At the office of Dr. Bruce Kadz in Beverly Hills, CA, we often have clients looking to reshape their nose. Some were born with congenital defects. Others suffered a traumatic sports injury. They all are excited to improve the aesthetic or function of their nose. But they wonder, how long does rhinoplasty recovery take.
How Long Does Rhinoplasty Recovery Take?
On average, rhinoplasty recovery takes 12 months. This may seem like an incredibly long time, but most of the recovery timeline is comparable to any other cosmetic procedure. For instance, you can start doing cardio within three to four weeks post-op and you can resume resistance training within six weeks post-op.
Can I Speed Up the Rhinoplasty Recovery Process?
There are several steps you can, and should, take to speed along your recovery process. During your initial consultation, Dr. Bruce Kadz will provide you with a comprehensive list of everything you need to do post-op to ensure a comfortable, relatively swift recovery. Here are some actionable steps you should think about:
Listen to Your Doctor
Before your rhinoplasty, you will be given several prescriptions to fill, including antibiotics. Take these antibiotics exactly as prescribed, including the dosage and what time of day you take them. Do not fail to take them just because you do not currently have an infection. They are to mitigate risk, not to treat an illness. If you have any questions, please ask during your initial consultation.
Before you leave the office after your procedure, you will have another opportunity to ask any questions you may have regarding post-op care. If you have any questions once you’re home, please call us at the office of Dr. Bruce Kadz in Beverly Hills, CA. You will also receive detailed instructions regarding do’s and don’ts and when to follow up.
Listen to Your Body
Everyone recovers from rhinoplasty differently. Some people are fully alert three hours after their procedure and do puzzles and read books until bedtime. Others drift in and out of sleep for the next 24 hours. If your body is telling you it’s time to rest, rest. Don’t feel like you have to stay alert for a full movie or TV show.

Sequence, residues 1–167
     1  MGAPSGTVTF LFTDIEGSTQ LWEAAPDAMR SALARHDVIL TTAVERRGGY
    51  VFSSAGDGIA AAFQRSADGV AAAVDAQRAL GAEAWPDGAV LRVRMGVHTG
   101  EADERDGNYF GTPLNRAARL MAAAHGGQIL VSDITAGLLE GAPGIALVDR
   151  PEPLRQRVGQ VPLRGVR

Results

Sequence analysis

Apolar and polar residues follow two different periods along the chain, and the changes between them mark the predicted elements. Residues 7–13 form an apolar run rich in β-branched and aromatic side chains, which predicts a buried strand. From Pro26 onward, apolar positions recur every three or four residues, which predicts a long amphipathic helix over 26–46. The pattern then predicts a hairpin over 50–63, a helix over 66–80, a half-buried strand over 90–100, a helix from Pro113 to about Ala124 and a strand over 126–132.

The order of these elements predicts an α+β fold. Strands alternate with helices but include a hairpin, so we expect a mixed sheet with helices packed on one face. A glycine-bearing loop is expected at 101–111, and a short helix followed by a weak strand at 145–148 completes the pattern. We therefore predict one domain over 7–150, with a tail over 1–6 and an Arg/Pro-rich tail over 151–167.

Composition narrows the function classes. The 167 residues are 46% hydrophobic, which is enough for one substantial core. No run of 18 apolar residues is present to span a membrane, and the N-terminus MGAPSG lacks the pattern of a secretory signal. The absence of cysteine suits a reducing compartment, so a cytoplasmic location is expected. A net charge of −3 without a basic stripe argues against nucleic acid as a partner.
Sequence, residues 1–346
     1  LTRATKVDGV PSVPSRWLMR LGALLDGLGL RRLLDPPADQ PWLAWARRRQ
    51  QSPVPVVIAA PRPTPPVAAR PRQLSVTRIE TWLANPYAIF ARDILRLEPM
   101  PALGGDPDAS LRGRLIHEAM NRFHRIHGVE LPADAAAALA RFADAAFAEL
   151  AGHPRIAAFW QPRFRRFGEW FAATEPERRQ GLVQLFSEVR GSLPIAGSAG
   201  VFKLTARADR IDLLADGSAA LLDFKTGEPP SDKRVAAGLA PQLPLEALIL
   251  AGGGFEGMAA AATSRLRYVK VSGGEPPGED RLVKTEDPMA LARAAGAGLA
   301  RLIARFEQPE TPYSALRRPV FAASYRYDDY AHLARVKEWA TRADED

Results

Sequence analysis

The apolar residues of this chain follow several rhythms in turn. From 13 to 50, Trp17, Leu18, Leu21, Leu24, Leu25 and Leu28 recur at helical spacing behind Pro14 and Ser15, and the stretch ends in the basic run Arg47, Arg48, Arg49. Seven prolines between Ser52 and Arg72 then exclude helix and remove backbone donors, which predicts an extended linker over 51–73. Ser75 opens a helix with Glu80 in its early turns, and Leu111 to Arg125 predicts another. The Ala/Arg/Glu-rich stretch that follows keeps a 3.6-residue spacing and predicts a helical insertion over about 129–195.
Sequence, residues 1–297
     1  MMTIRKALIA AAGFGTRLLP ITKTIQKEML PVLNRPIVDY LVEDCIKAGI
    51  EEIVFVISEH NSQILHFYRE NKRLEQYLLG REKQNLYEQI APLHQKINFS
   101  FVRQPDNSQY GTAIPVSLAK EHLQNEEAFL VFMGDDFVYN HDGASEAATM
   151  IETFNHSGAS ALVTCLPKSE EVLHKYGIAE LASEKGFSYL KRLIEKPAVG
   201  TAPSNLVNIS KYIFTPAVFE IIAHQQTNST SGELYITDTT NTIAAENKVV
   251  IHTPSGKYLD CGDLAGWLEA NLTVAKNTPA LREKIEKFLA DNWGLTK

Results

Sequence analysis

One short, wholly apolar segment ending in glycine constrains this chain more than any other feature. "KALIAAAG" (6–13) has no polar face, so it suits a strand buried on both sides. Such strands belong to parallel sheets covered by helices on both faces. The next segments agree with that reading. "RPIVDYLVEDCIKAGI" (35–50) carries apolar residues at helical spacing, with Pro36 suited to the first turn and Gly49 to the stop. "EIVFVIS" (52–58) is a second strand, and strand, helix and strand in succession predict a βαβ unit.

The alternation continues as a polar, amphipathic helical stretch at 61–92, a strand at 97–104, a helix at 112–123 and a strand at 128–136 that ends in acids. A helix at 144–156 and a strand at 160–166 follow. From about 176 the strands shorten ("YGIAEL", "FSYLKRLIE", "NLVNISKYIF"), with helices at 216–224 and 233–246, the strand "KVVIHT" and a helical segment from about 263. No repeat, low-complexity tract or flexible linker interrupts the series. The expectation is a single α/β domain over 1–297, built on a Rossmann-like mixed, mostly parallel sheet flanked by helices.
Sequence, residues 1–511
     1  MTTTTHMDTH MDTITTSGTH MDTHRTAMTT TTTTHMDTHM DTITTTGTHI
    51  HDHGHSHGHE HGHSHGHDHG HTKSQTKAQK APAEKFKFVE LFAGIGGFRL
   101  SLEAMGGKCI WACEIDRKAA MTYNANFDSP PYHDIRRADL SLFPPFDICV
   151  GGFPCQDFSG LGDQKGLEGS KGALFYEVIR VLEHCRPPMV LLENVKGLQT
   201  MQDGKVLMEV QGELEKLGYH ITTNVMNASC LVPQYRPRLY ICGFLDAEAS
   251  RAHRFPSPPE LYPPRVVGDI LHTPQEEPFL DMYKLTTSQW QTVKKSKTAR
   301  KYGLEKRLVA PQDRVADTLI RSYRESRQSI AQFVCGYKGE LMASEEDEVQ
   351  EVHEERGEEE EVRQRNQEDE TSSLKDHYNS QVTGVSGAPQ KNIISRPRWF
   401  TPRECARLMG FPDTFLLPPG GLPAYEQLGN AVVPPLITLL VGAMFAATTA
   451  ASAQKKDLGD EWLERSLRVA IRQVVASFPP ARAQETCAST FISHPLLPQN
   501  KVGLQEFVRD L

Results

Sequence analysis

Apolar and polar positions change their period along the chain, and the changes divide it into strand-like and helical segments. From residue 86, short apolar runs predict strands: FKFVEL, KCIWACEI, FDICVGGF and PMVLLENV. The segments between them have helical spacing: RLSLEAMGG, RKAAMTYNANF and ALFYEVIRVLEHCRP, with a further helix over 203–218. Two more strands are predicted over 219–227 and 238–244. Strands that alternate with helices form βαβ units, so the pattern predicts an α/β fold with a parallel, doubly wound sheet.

Get Plenty of Rest
Make a conscious effort to get between 7.5 and 9 hours of sleep each night for the first several weeks post-op. It takes 90 minutes to complete a sleep cycle, so such a sleep schedule will allow you to cycle through all stages of sleep five to six times per night. Your body requires a lot of energy to heal itself. Allow it to recharge its batteries.
Keep Your Head Elevated
If you sleep on your side after rhinoplasty, you can prolong your recovery time significantly. Under no circumstances should you sleep on your stomach. You need to keep pressure off of your nose for six weeks post-op.
To avoid such pressure, sleep with head elevated for six weeks post-op. You can prop up your head using two or three pillows or use a foam wedge. To prevent yourself from tossing and turning in your sleep, try using a travel pillow or building a fort around your neck with rolled up hand towels.
Use Cold Compresses
To speed your recovery process along, we strongly recommend using a cold compress for five minutes at a time, five times daily in the first 72 hours post-op. However, you must take care to not apply the cold compress to your nose directly. Rather, apply it to your cheeks so you do not accidentally shift any cartilage or bones out of place.
If you don’t have a cold compress, you can wrap a bag of frozen peas (or similar frozen food) in a tea towel. Alternatively, you can wrap a bag of ice in a tea towel and apply that to your cheeks.
Load Up Your Plate With Fruits and Veggies
Loading up your plate with fruits and veggies is one of the best things you can do to speed along your recovery process. Not only does your body require a lot of energy to heal itself, but it also requires plenty of nutrients.